(1) In this section, “paper document” means a document that is received by the recorder in a form that is not electronic.
(2) A recorder:
(a) Who implements any of the functions listed in this section shall do so in compliance with standards established by the [electronic recording commission], as created in [insert citation];
(b) May receive, index, store, archive and transmit electronic documents;
(c) May provide for access to, and for search and retrieval of, documents and information by electronic means;
(d) Who accepts electronic documents for recording shall continue to accept paper documents as authorized by state law and shall place entries for both types of documents in the same index;
(e) May convert paper documents accepted for recording into electronic form;
(f) May convert into electronic form information recorded before the recorder began to record electronic documents;
(g) May accept electronically any fee that the recorder is authorized to collect; and
(h) May agree with other officials of a state or a political subdivision thereof, or of the United States, on procedures or processes to facilitate the electronic satisfaction of prior approvals and conditions precedent to recording and the electronic payment of fees.
Section 5. [Commission Created -- Officers -- Standards.]
(1) An electronic recording commission consisting of seven (7) members appointed by the governor is hereby created to adopt standards to implement this chapter. A majority of the members of the commission must be recorders, and at least one (1) member shall be a representative from the title insurance industry. The governor shall appoint three (3) members, each for a term of two (2) years; two (2) members, each for a term of three (3) years; and two (2) members each for a term of four (4) years. Thereafter, the term of office shall be four (4) years. Vacancies in any unexpired term shall be filled by appointment by the governor for the remainder of the unexpired term.
(2) The commission shall annually elect a chairman and a secretary-treasurer from among its members. The commission shall meet regularly at least once each year, and at such other times as called by the chairman or when requested by two (2) or more members of the commission.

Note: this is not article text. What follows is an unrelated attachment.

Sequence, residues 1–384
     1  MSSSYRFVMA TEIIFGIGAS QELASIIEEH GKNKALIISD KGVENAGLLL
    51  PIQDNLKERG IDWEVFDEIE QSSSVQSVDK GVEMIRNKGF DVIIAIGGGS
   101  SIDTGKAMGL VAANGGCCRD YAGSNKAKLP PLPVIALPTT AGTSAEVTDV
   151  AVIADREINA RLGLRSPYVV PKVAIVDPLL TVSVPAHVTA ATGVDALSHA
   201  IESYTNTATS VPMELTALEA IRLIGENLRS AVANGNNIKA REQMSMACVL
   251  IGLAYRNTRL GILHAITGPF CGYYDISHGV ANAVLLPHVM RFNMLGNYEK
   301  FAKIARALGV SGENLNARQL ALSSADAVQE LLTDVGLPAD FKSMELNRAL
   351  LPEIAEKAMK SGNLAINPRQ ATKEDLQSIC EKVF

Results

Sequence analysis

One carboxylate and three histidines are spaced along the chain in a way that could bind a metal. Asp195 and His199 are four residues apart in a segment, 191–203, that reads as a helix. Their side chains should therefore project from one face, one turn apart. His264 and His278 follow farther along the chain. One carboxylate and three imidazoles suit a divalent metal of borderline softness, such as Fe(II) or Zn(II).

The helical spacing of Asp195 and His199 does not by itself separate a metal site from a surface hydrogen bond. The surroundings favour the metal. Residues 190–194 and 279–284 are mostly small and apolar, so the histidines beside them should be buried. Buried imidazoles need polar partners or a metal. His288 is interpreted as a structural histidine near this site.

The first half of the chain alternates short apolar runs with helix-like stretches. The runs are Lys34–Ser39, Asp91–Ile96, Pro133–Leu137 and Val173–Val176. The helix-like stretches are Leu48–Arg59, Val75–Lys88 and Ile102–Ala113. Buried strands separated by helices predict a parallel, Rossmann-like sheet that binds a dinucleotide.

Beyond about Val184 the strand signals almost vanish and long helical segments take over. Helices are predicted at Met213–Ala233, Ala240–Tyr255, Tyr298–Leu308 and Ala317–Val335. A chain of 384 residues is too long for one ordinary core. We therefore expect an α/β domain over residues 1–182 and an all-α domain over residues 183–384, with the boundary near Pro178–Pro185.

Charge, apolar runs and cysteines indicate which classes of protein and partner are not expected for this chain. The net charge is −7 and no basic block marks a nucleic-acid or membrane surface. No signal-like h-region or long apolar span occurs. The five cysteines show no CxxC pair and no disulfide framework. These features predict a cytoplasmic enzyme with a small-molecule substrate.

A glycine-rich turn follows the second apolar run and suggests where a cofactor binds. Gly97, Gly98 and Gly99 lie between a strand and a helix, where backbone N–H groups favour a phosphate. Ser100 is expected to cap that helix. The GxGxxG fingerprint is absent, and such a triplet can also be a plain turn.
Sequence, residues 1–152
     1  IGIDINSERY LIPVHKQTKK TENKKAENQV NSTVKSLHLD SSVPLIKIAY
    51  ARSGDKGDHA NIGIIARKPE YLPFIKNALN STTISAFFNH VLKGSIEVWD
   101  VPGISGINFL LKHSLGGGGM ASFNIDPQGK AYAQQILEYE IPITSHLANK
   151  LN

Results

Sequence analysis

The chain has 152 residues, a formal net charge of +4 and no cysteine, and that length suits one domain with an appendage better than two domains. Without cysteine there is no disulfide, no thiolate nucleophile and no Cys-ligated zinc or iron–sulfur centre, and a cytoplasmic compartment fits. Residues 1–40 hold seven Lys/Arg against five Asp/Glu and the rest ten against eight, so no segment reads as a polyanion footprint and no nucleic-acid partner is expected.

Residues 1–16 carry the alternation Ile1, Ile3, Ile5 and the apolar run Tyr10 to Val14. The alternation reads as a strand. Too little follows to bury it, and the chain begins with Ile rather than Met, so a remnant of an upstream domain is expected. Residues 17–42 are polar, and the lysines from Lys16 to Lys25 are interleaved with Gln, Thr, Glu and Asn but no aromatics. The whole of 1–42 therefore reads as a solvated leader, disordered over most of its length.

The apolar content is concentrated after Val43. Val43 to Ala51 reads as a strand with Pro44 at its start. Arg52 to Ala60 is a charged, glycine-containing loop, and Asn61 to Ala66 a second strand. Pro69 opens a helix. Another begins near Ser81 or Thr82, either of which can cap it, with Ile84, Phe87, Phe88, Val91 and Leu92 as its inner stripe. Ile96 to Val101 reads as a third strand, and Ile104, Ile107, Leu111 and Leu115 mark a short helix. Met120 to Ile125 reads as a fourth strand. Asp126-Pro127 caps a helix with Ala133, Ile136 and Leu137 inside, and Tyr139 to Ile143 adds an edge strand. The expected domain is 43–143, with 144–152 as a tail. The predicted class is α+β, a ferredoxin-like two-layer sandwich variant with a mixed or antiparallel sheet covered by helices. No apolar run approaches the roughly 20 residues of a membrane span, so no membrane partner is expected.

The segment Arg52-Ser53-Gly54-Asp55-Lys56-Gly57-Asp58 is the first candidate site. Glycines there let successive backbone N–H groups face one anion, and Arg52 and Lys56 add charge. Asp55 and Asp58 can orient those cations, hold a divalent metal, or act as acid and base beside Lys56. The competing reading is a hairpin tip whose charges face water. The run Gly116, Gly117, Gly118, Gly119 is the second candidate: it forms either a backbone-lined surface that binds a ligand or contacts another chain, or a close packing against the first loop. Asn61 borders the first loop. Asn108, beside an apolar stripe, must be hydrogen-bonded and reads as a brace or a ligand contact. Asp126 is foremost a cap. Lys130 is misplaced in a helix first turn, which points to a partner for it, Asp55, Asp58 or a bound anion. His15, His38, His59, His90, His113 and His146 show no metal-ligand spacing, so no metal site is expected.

(3) To keep the standards and practices of recorders in this state in harmony with the standards and practices of recording offices in other jurisdictions that enact substantially this Uniform Act and to keep the technology used by recorders in this state compatible with technology used by recording offices in other jurisdictions that enact substantially this Uniform Act, the electronic recording commission, so far as is consistent with the purposes, policies and provisions of this chapter, shall adopt, amend or repeal standards, taking into account the following considerations:
(a) Standards and practices of other jurisdictions;
(b) The most recent standards promulgated by national standard-setting bodies, such as the property records industry association;
(c) The views of interested people and governmental officials and entities;
(d) The needs of counties of varying size, population and resources; and
(e) Standards requiring adequate information security protection to ensure that electronic documents are accurate, authentic, adequately preserved and resistant to tampering.
Section 6. [Uniformity of Application and Construction.] In applying and construing this Uniform Act, consideration must be given to the need to promote uniformity of the law with respect to its subject matter among states that enact it.
Section 7. [Relation to Electronic Signatures in Global and National Commerce Act.] This chapter modifies, limits, and supersedes the Federal Electronic Signatures In Global And National Commerce Act, 15 U.S.C. Section 7001, et seq., but does not modify, limit, or supersede Section 101(C) of that Act or authorize electronic delivery of any of the notices described in Section 103(b) of that Act.